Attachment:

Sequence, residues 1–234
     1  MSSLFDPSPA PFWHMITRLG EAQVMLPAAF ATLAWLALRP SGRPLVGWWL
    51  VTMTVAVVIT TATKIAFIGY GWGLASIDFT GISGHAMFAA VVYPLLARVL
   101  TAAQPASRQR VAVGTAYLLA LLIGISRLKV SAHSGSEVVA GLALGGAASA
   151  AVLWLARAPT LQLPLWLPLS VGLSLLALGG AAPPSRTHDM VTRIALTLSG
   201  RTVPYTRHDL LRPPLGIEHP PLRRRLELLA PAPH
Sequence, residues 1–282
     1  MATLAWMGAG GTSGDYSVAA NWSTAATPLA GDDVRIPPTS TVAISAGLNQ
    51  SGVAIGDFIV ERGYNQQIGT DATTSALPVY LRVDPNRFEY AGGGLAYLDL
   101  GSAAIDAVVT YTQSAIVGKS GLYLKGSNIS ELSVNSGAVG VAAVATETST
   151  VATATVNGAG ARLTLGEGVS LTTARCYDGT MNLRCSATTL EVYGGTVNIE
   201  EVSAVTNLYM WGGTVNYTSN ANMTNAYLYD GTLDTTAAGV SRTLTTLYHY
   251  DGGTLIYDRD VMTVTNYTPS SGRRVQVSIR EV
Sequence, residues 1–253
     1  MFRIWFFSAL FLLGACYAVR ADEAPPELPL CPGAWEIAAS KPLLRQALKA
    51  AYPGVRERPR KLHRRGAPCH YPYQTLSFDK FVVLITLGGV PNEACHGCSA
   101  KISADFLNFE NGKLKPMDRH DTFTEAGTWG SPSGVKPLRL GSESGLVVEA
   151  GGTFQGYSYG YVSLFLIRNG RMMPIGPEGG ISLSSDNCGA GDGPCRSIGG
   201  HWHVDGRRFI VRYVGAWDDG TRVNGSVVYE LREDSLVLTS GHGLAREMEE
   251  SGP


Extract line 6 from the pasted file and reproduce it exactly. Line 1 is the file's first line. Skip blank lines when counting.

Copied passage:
   201  RTVPYTRHDL LRPPLGIEHP PLRRRLELLA PAPH